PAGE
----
The Greeks have a saying, I kali mera apo to proi fenete, which means: “You can tell a good day is coming by its morning.” Unfortunately, Greece is in the midst of a long stretch of hangover mornings. The Mediterranean nation staved off bankruptcy when lawmakers recently passed austerity measures that aim to cut spending, raise taxes by $40 billion and raise $71 billion in privatizations over five years.
So why should we care?
The known answer is that a Greek default could trigger a banking crisis similar to when AIG collapsed three years ago. The unknown answer depends on an unknown question: How deeply involved is the United States?
Andreas Rauterkus, Ph.D., a banking expert with the UAB School of Business, says “US banks and the Federal Reserve were suspiciously quiet when asked about the exposure of U.S. financial institutions. Some guess it could be anywhere between $5 billion and $80 billion. Talk on Wall Street indicates that U.S. financial institutions might be holding a large number of Credit Default Swaps that would have to be paid in case of a default, effectively creating a second AIG situation."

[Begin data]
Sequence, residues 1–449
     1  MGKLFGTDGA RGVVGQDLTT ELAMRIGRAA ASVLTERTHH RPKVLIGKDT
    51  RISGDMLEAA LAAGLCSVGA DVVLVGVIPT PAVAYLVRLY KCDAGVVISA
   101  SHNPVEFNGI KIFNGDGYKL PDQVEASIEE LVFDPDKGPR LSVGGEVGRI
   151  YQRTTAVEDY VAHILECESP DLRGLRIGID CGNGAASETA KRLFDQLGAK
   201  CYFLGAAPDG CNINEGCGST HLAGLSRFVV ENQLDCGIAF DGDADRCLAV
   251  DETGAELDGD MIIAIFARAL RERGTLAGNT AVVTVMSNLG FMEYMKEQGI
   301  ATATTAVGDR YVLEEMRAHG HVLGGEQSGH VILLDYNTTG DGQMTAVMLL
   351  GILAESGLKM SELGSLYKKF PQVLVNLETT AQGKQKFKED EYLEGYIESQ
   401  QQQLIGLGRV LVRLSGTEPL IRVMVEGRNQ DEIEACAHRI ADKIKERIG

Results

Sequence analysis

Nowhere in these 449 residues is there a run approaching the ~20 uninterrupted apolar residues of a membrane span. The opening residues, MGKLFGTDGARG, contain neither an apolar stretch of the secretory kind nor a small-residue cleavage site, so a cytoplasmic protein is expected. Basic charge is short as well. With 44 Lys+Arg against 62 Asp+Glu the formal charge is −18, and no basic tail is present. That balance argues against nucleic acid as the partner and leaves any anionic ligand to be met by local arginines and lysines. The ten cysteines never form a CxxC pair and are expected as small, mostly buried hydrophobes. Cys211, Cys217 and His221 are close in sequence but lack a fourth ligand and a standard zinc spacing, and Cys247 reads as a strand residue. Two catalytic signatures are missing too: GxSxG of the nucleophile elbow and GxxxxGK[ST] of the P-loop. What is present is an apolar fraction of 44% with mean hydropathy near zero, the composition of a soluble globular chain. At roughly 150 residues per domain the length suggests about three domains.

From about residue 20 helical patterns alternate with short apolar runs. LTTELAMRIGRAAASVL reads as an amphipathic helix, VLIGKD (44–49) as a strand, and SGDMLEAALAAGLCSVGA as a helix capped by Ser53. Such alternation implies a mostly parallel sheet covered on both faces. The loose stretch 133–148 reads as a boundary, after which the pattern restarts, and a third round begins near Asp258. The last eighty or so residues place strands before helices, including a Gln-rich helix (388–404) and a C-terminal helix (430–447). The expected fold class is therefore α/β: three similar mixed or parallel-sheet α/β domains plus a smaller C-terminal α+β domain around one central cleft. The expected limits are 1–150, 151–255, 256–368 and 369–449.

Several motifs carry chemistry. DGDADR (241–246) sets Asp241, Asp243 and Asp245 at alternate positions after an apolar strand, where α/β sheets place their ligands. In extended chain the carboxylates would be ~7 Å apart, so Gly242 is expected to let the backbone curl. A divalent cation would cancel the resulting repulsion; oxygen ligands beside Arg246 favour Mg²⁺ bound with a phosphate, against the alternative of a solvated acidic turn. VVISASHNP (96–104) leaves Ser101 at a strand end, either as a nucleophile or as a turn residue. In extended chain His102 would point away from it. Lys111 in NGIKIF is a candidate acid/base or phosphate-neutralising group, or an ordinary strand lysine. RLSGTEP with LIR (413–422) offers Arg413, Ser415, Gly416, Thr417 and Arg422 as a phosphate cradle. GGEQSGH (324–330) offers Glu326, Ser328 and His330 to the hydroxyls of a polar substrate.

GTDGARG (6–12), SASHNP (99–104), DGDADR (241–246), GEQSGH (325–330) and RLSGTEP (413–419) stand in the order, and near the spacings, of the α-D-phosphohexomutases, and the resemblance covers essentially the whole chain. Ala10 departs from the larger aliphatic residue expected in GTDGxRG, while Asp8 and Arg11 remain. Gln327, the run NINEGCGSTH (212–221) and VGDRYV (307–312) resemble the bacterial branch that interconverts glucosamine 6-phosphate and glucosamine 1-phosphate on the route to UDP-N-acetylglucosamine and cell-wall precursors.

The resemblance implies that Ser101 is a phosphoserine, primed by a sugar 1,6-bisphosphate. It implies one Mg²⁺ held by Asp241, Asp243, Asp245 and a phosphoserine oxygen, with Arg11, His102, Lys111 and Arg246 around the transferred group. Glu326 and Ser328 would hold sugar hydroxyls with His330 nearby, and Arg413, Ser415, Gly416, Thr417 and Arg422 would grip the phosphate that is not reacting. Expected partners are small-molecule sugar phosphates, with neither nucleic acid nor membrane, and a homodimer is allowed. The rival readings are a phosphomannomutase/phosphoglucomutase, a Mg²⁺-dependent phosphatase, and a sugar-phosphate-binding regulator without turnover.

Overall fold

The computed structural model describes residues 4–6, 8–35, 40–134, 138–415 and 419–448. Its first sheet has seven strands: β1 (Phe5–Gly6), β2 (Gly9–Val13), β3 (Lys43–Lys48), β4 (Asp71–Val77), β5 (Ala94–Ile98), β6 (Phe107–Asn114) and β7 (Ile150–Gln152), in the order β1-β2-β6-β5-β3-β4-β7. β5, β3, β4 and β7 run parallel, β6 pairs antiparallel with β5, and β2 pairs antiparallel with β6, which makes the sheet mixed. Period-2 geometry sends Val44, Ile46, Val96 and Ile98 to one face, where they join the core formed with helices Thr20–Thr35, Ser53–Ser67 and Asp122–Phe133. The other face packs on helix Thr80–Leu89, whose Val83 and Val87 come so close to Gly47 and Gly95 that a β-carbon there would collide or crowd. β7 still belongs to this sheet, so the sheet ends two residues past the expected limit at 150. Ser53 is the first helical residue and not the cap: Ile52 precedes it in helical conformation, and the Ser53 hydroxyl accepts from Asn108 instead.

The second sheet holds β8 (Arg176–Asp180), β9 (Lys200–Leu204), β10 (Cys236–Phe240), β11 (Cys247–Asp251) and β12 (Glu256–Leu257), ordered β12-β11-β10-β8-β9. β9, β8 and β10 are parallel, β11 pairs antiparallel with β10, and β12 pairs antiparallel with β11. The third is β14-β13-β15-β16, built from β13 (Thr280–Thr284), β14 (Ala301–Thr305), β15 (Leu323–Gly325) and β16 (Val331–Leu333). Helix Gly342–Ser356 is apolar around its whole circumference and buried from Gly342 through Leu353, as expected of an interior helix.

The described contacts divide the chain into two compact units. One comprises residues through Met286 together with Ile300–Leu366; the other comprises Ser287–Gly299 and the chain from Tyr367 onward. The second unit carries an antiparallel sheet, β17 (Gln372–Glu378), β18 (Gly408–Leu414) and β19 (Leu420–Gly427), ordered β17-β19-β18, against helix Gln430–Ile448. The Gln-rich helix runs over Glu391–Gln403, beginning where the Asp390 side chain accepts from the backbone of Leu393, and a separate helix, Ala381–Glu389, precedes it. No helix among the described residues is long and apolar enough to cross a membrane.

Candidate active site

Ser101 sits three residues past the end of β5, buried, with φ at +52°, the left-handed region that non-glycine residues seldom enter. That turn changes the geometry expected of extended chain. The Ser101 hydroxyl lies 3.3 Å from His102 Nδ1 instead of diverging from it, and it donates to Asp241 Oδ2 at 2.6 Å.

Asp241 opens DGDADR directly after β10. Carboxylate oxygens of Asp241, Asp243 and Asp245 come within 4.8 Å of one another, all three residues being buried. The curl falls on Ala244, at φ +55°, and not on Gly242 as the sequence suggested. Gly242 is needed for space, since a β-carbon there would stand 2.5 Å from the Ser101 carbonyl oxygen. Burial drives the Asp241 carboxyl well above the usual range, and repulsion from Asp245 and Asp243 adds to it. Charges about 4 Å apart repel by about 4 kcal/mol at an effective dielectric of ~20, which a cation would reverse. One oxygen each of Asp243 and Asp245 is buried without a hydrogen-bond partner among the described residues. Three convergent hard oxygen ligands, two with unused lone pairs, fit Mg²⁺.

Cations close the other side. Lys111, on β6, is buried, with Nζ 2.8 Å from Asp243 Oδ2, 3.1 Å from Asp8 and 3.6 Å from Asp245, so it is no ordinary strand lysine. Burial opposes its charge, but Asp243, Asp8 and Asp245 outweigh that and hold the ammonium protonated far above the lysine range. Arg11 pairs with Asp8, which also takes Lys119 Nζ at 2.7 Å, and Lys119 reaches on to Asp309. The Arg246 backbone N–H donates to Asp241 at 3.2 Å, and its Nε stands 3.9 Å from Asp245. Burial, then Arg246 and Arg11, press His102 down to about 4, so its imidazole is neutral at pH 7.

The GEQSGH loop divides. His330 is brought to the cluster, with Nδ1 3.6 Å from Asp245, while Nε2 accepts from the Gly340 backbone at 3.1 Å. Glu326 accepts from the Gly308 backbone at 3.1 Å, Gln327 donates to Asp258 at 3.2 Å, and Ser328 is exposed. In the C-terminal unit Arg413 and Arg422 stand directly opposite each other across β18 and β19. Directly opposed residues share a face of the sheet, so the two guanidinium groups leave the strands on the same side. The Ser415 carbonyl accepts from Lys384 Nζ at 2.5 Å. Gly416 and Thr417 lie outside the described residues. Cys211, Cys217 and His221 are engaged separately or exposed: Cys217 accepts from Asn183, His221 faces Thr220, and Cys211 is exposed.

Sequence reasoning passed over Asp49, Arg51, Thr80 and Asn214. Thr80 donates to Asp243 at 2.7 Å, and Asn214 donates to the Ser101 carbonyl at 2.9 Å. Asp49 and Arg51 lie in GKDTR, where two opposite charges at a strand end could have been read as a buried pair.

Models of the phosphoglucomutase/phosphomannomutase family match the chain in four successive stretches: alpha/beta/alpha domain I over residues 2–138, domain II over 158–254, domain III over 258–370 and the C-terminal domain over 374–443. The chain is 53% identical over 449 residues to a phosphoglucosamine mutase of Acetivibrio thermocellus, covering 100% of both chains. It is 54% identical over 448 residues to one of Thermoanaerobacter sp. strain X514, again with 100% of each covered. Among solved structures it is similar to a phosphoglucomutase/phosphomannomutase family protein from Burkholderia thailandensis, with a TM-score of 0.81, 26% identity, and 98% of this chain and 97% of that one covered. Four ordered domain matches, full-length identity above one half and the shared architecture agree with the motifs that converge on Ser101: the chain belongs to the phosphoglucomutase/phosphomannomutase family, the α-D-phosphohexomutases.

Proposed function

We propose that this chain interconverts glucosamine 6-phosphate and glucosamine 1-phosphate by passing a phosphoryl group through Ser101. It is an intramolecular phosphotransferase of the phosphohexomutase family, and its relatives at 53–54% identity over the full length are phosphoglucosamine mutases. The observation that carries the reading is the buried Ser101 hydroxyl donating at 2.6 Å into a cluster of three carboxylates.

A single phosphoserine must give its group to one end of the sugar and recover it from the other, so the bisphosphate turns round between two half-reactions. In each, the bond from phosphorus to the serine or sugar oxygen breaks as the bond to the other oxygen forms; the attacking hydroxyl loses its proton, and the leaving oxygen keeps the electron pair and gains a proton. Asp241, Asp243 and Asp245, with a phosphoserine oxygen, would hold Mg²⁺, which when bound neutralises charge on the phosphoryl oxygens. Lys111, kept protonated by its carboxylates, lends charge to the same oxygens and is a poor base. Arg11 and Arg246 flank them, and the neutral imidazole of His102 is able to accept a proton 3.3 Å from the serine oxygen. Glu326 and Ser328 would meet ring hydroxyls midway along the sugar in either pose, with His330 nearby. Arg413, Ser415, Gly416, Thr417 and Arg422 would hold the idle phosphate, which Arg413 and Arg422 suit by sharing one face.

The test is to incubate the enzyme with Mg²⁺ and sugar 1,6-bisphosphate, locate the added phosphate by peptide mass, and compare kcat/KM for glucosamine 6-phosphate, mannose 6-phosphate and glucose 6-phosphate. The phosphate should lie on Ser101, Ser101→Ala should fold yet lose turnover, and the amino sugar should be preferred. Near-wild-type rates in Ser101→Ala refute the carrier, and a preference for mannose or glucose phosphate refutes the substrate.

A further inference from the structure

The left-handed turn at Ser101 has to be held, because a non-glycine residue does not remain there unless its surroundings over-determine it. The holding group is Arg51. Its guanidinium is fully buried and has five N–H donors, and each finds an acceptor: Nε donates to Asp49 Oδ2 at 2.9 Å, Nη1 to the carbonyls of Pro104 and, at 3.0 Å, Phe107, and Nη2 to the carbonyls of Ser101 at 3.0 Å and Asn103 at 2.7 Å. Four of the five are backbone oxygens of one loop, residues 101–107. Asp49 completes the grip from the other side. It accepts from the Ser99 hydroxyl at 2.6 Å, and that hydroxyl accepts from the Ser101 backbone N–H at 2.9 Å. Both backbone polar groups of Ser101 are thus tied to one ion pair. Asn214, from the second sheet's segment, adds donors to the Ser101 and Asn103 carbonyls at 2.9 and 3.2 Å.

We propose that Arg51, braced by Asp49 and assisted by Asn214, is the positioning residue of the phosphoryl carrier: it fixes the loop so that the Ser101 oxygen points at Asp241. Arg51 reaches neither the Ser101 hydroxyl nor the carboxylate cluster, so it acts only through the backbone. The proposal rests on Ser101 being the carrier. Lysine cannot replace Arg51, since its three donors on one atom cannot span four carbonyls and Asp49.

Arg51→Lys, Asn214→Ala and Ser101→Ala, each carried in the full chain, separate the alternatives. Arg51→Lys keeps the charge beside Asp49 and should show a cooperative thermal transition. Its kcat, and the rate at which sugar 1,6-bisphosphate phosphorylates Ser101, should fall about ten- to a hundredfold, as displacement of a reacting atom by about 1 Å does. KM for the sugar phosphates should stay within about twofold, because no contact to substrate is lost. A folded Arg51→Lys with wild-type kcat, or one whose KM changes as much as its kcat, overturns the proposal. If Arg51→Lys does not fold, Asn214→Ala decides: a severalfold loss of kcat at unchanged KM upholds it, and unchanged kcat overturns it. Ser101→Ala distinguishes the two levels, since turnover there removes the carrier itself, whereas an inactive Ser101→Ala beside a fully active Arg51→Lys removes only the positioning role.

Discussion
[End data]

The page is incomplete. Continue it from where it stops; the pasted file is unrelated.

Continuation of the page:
A second big question: Should Greece leave the Euro?
Rauterkus says that would have the same effect of defaulting on their loans, except the long-term implications would be more severe. Leaving the Euro would put the country on a financial island. “It would completely isolate Greece economically and would make things even worse. Their new currency would most likely be non-convertible (i.e. nobody wants to buy or sell it), which makes it impossible for Greece to borrow in the international market and has major negative implications on Greece’s ability to engage in international trade.”
Rauterkus goes on to say this is a long process and Greece is “too big to fail,” so the EU and the IMF will do whatever it takes to avert bankruptcy as long as Greece is willing to cooperate as they did by passing the austerity bill.
A good day in Greece is sure to come. It just won’t be tomorrow. Or the day after tomorrow.